After hearing all the Rep Picks for great upcoming books back in February 2013, one title went to the top of my list to read: If You Could Be Mine, by Sara Farizan (Algonquin Young Readers, $16.99, out today). Sahar and her best-friend Nasrin, live in Iran. They have been friends since childhood and Sahar has been in love ever since, at six, Nasrin pulled her hair and said. “Sahar, you will play with me because you belong to me. Only me”. Innocently telling her mother that she would like to marry Nasrin, Sahar learns that such a desire is haraam, a sin. The two girls, now seventeen, keep their relationship a secret. When Nasrin’s parents arrange for her marriage, Sahar is distraught. She begins to look for ways to keep the two of them together. In Iran, homosexuality may be a crime — punishable by death — but being born into the wrong body is regarded as nature’s mistake, a disease that can be cured by corrective surgery, which is sanctioned by the state. As Sahar investigates this option, she struggles with understanding her love for Nasrin and societal definitions of sexuality. Caring only about staying with Nasrin, Sahar is forced to confront the very clear distinction between being a lesbian and being transgender.
The story is infused with Iranian words and customs that will be of interest to readers who enjoy learning about other cultures. It also raises some very challenging questions about sexuality and categorization. But overall, it is a well-written and universal story about a girl growing up and trying to find herself. It’s a story about love and the things we’ll do to hold onto to it and a story about that first discovery when you start to see the world outside of your childhood. If You Could Be Mine is Sara Farizan’s first novel and it is bold. I look forward to seeing more from her in the future.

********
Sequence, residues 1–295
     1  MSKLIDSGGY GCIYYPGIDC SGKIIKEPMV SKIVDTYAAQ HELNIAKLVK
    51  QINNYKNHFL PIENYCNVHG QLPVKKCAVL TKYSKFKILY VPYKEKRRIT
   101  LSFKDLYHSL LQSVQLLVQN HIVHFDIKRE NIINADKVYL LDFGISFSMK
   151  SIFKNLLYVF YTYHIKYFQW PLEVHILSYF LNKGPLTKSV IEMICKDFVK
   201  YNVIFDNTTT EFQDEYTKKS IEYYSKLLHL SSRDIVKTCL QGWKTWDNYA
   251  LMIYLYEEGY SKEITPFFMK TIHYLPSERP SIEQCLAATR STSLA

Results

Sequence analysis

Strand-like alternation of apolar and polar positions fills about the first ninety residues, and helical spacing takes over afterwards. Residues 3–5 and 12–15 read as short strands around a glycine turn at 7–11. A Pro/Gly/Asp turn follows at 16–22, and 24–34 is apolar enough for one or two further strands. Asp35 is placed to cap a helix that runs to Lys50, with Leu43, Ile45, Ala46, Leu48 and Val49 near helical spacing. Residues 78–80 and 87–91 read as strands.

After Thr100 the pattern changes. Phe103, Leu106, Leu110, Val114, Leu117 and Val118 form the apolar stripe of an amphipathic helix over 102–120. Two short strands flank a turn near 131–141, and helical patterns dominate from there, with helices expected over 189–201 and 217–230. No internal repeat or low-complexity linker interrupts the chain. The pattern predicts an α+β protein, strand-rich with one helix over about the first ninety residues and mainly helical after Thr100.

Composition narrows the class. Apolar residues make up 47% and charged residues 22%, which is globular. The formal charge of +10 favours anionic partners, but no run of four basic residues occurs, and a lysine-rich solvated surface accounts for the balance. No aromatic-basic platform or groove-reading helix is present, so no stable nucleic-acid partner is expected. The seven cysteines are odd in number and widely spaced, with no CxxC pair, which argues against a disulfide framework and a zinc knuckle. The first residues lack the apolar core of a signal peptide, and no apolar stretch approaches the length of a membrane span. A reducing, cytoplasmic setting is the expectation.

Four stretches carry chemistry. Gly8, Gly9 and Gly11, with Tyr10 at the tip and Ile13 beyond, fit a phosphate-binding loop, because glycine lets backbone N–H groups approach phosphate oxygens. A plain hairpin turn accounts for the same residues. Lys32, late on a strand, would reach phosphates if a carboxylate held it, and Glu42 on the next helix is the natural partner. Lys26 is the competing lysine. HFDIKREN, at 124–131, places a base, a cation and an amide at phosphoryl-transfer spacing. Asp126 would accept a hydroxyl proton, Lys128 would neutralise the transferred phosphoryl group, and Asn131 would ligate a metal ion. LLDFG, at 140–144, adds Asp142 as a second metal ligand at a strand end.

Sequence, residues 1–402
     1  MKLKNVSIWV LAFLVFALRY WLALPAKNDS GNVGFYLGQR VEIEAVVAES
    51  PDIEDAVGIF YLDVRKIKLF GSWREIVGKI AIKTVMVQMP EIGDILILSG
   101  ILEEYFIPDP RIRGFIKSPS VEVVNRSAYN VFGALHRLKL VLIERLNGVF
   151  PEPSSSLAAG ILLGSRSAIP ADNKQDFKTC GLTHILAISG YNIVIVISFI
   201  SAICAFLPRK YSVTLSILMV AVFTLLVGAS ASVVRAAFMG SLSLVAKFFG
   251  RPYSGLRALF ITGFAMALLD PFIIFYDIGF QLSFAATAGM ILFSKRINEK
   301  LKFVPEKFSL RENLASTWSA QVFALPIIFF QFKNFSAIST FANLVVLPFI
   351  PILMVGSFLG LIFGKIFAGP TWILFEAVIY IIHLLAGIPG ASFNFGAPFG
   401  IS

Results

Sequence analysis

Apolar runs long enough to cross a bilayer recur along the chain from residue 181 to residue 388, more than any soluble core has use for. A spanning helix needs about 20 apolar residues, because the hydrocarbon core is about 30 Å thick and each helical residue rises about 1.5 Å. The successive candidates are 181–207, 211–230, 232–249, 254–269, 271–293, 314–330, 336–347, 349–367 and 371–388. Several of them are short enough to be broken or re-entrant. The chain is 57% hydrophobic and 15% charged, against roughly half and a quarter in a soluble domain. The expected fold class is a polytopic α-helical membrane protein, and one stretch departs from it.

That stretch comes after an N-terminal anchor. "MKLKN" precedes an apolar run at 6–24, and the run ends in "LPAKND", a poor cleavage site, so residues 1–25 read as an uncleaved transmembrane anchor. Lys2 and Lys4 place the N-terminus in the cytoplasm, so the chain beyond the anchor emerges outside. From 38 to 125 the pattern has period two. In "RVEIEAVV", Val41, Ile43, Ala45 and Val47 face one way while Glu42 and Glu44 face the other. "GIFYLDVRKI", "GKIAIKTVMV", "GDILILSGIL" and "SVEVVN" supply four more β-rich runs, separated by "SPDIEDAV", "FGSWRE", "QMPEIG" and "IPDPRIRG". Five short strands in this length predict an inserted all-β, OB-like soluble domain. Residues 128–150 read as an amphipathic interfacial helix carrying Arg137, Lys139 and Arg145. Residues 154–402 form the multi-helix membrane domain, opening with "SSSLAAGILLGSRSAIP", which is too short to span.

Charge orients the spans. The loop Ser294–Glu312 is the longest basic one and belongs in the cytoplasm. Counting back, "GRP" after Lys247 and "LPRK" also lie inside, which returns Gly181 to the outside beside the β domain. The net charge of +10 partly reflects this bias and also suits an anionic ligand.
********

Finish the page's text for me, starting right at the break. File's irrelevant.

In Natalie Kinsey-Warnock’s True Colors (Knopf, $15.99), Blue was found in a kettle on Hannah’s doorstep on December 7, 1941, when she was (probably) 2 days old. Hannah took her in, named her, and raised Blue on a farm in rural Vermont. As one of the few children in the town, Blue has always eagerly awaited the influx of summer visitors, including her best friend Nadine. During Blue’s tenth summer, however, everything changes. First, Nadine doesn’t seem interested in any of their usual summer activities. Second, Blue finds clues about the mother who left her behind and dreams about leaving town to find her family. Third, the editor of the local paper invites Blue to contribute a weekly column. The more she starts to research her town, the more she discovers that everyone is not who she thought they were. When Hannah has an accident, all of the people she has supported over the years step up to help Hannah and Blue. When Blue’s life is endangered, once again the neighbors are there, and Blue discovers that family is closer than she ever realized. Blue is a great character and her frustrations with Nadine are very realistic. Blue is just at the cusp of stepping outside herself, awaking to the existence of her community, and noticing (and appreciating) the people around her. I cried my little eyes out while reading the final few chapters and the quilted cover, which evokes the range of quilt references present in the story, is excellent.